“I’m not sure I know what you mean.”

“I mean, I don’t think these people regarded those so called entities as we do.”


“Just because one creates a form to represent something doesn’t necessarily mean that one believes that a being lives and breathes in that form.”

“You mean the form is just a focus.”


“A focus through which an effect can manifest.”

“The form facilitates a manifestation.”

“It’s not clear to me how that helps us.”

“It renders fear redundant.”




Time Lines II…

Image result for Pazuzu


… “In later Assyrian Mythology, Anzu becomes Pazuzu.”

“Am I missing something, here?”

“Pazuzu is a ‘wind demon’ responsible for bringing plague and pestilence, and whatever else we may think about the notions of a demon, in that region of the world, a wind that brings both pestilence, usually locusts, and plague, does indeed exist.”

“Am I still missing something here?”

“Pazuzu is reputed to be the brother of Humwawa!”

“Ah, The Spirit of the Cedar Forest from Gilgamesh, I think I’m starting to see… But are you sure?”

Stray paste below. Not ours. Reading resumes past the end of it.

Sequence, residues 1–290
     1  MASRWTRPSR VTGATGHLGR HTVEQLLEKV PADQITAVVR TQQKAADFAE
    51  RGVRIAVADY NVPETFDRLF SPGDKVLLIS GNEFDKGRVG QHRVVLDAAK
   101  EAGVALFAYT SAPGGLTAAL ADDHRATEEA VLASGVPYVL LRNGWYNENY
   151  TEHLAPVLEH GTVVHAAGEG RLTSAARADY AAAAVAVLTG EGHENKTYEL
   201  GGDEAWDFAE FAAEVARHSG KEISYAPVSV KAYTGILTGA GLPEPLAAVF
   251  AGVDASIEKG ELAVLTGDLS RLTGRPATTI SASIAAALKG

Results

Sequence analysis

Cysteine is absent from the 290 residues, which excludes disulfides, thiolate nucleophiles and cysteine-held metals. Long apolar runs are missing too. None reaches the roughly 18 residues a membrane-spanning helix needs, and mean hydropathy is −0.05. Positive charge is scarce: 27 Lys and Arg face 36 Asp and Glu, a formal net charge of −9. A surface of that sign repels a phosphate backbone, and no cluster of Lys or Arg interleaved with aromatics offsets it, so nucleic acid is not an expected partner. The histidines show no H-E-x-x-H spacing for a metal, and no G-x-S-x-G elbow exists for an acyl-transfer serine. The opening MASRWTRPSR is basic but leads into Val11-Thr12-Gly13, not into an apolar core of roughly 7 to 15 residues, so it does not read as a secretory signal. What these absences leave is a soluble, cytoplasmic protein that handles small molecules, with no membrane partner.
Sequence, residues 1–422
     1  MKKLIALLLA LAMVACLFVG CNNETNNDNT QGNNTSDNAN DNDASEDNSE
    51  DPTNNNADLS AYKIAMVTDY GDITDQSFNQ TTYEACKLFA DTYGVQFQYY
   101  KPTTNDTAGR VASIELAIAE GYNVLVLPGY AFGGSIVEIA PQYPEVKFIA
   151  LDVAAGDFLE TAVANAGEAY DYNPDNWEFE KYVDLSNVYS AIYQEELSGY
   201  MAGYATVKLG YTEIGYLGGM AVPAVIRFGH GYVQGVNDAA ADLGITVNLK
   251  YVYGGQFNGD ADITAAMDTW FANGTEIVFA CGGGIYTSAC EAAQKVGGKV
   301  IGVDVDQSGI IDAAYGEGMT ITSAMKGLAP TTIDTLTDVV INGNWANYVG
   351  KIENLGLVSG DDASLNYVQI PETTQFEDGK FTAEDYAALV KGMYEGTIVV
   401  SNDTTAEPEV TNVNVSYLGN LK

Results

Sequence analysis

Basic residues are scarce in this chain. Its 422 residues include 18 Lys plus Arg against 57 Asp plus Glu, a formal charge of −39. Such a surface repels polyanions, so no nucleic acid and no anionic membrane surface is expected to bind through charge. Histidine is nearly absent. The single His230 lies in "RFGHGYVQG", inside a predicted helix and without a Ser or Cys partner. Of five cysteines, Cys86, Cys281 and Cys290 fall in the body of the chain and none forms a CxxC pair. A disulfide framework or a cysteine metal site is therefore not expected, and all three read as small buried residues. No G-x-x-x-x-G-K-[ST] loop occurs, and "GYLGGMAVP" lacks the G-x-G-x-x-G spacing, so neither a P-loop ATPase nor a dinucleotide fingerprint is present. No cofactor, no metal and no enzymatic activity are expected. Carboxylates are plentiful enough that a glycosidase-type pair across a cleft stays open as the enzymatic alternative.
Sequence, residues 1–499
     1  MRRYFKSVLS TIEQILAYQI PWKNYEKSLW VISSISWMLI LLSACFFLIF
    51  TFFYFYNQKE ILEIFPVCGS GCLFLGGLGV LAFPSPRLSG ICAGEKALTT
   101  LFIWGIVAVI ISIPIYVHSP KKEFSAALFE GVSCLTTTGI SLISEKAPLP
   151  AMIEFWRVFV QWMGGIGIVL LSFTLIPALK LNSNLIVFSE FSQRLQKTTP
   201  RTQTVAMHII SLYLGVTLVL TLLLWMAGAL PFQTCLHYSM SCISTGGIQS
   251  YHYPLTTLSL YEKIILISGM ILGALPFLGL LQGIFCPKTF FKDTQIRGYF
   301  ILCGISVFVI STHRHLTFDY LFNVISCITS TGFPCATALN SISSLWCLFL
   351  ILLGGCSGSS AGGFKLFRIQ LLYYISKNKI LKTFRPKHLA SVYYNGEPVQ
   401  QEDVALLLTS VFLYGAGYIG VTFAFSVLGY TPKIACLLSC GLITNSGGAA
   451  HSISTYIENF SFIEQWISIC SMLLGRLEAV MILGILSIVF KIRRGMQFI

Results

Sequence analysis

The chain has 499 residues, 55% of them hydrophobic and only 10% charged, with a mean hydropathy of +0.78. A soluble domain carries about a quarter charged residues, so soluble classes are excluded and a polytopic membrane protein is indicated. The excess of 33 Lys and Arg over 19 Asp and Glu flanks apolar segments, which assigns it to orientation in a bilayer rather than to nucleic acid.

“Well, there has been a certain amount of degeneration in the iconography, which is only natural, given the time span’s involved, but we can, I think, clearly see the resmemblance…”

“We can, particularly in the positioning of the arms…”

“Both ‘demons’ are described by the authorities as having a skull-like ‘canine’ or ‘lionine’ head.”

“I can go along with skull-like, but I would not like to be drawn into the dog or cat debate.”

“Very wise…”

“Ugly looking spud, though, isn’t he?”

“He is, although, almost incredibly, back in the day, his figure was made into amulets, worn, usually around the neck, and used to ward off other, more malevolent, forces.”

“The ancients’ attitude to what we might regard as ‘good’ and ‘evil’ was, to say the least, somewhat ambivalent.”

“It is at least possible, then, that the actions of the heroes in Gilgamesh were directly responsible for the creation of this ‘environmental bane’.”

“But if a good wind can be turned bad, surely a bad wind can be turned good?”

“That, my dearest Wendlebury, is what still remains to be seen.”



Time Lines…

Image result for Anzu and Ninurta


“And what have we here?” says Wen in that provocative way of hers which means she is up to something.

“Anzu and Ninurta.”

“Nope, not doing it for me.”

“Anzu, Guardian of the Threshold, who stole the Tablets of Destiny from the Gods, and Ninurta, the God of agricultural and pastoral fertility,  who was sent to slay Anzu and retrieve the tablets.”